By: Andrew Eddy
Victorian Civil and Administrative Tribunal Justice Greg Garde adjourned proceedings late Friday afternoon for a further 10 days following evidence taken from local and international expert witnesses on cobalt as a possible performance-enhancer.
But it was the matter of Matthews that had earlier dominated proceedings. The appeal heard that Matthews is suffering a significant mental disorder and will be at risk of self-harm if he is ordered to give evidence.
Nicole Spicer, representing Matthews at the appeal, told Justice Garde that her client is currently hospitalised and suffers ‘from a significant depressive disorder’ where the ‘symptoms reduce his cognitive processes’.
“He has mental health problems,” she told the appeal. “He suffers a significant psychological or psychiatric disorder that requires on-going treatment.”
Justice Garde read through an affidavit from Racing Victoria’s legal team requesting Matthews be made to attend the appeal to answer questions about his alleged involvement in the cobalt scandal that saw both trainers receive lengthy disqualifications.
Justice Garde ruled that when the cobalt appeal recommences on Monday, September 19, he will receive arguments as to whether Matthews can be excused from giving evidence at the proceedings or whether a warrant for his arrest is to be issued so as to make him appear.
Banned former Flemington Equine Clinic vet Dr Tom Brennan – who has admitted giving a vitamin mix containing cobalt to horses prepared by the two Flemington trainers – has alleged Matthews, who was then a junior partner in the clinic, supplied him with the vitamin complex bottle that was ultimately found to have contained cobalt.
But in May, Racing NSW found Matthews not guilty on appeal of all charges relating to cobalt in theSam Kavanagh case.
Spicer told the appeal that Matthews was happy to have an independent evaluation of his condition supplied to the tribunal but that his current doctor has denied access to him as she has ruled him unfit to be examined by a third party.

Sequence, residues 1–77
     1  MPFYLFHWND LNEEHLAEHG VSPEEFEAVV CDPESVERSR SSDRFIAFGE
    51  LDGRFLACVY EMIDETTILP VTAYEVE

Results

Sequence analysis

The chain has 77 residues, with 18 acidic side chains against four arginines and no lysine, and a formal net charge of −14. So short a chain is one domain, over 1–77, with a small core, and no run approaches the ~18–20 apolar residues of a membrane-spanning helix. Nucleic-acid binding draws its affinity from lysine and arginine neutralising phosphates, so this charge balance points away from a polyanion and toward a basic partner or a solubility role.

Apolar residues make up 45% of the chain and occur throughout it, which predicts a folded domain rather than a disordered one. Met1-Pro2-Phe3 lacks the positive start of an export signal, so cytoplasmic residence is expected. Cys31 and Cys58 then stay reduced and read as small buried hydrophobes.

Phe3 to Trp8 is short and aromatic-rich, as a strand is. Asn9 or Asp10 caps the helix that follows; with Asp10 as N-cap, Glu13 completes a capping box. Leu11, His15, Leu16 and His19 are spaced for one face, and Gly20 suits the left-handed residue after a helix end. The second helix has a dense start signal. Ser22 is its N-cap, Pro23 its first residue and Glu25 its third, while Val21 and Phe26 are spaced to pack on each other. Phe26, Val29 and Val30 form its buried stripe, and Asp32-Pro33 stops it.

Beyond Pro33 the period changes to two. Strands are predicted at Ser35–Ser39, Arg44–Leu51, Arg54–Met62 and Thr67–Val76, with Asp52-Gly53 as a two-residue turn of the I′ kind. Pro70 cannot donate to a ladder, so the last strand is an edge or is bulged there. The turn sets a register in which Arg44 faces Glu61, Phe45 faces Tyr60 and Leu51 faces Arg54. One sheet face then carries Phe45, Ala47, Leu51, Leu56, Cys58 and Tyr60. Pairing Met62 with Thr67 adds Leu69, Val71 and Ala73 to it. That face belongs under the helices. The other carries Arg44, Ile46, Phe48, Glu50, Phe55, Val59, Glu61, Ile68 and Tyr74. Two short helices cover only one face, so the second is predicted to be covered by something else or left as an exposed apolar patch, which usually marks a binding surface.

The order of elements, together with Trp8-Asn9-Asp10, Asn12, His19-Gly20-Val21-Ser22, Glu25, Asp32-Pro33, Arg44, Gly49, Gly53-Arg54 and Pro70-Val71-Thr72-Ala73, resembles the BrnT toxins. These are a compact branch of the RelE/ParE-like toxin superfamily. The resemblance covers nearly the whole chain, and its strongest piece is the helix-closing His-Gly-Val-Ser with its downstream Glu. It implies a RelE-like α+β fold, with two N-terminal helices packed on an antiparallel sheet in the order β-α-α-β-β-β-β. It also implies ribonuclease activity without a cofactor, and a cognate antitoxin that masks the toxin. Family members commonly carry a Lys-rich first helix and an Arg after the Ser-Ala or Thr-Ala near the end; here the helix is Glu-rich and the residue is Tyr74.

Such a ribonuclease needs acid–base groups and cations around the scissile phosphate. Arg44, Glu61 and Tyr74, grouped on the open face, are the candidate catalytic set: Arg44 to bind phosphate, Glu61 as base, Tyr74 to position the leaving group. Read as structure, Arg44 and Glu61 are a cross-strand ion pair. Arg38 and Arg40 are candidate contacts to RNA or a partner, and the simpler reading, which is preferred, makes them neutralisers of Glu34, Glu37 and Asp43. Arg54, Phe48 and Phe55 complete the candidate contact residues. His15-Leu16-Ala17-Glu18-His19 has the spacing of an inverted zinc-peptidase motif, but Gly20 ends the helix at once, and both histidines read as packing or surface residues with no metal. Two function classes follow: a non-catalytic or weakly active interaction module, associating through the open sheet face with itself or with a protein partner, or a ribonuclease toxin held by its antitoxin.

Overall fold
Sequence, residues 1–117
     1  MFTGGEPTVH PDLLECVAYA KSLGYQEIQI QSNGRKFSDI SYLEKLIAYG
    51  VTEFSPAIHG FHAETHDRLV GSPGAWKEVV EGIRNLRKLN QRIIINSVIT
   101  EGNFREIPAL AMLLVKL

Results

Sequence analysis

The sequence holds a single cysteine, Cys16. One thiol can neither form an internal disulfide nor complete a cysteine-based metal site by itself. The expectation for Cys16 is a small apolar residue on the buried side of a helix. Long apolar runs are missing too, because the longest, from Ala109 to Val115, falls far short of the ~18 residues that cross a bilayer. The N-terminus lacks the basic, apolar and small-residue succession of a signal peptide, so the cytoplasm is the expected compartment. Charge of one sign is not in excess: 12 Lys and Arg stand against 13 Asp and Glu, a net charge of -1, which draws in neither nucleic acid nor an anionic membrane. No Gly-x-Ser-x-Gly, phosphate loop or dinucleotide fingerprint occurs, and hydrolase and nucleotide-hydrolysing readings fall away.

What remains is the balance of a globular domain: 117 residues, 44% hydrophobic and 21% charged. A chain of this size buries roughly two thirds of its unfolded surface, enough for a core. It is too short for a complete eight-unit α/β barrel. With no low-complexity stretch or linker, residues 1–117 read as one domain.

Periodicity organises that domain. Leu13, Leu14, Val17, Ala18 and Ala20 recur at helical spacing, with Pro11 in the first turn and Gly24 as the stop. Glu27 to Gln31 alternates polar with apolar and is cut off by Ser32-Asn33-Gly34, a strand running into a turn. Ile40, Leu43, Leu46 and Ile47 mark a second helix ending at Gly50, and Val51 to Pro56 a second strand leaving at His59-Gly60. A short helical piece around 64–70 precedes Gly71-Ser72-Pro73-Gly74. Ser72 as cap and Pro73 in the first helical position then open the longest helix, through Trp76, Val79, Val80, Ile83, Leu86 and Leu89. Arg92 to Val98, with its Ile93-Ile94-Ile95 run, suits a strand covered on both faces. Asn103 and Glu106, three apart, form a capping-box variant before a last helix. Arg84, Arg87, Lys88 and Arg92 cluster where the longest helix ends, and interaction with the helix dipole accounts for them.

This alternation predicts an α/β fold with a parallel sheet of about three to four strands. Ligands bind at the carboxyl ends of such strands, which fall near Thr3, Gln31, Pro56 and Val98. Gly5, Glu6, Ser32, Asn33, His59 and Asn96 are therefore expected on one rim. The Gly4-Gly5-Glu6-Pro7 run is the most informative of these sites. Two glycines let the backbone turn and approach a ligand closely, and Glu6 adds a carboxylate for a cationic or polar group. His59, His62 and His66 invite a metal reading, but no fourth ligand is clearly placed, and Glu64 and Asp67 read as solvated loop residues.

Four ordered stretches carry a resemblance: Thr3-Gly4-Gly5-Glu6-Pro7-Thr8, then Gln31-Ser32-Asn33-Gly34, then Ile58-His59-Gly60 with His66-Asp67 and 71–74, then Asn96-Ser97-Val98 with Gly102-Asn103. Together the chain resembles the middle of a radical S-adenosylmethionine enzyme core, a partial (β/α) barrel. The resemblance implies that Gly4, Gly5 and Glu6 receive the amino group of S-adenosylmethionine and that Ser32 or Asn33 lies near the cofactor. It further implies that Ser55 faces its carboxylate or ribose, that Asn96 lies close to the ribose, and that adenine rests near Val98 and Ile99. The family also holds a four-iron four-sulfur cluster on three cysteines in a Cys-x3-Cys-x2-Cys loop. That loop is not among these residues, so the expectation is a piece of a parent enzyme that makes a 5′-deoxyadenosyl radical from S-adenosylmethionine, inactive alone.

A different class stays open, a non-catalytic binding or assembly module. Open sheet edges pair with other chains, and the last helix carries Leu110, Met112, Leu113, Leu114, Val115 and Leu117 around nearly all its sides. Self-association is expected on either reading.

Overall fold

Spicer said that as Racing NSW had ruled that he did not supply the bottle of vitamin complex to Brennan that: “It is unclear to us why he is regarded as a significant and important witness.”
The affidavit included a reference to Matthews last year taking an overseas holiday but Spicer said the condition that Matthews suffers from manifests itself in different ways and affects people differently and so the fact that he took an overseas holiday is not inconsistent with his disorder where he can be present in social circumstances but ‘nonetheless be significantly distressed’.
Damian Sheales, representing the trainers, told the appeal that he would support a move for a ‘bedside sitting’ so as Matthews can give evidence without having to leave the medical facility where he currently resides.
The appeal will continue on September 19 when Justice Garde will determine whether Matthews will be forced to give evidence. There are four more September dates marked for the appeal, with that time expected to be taken up by the appearances on the witness stand of both O’Brien and Kavanagh.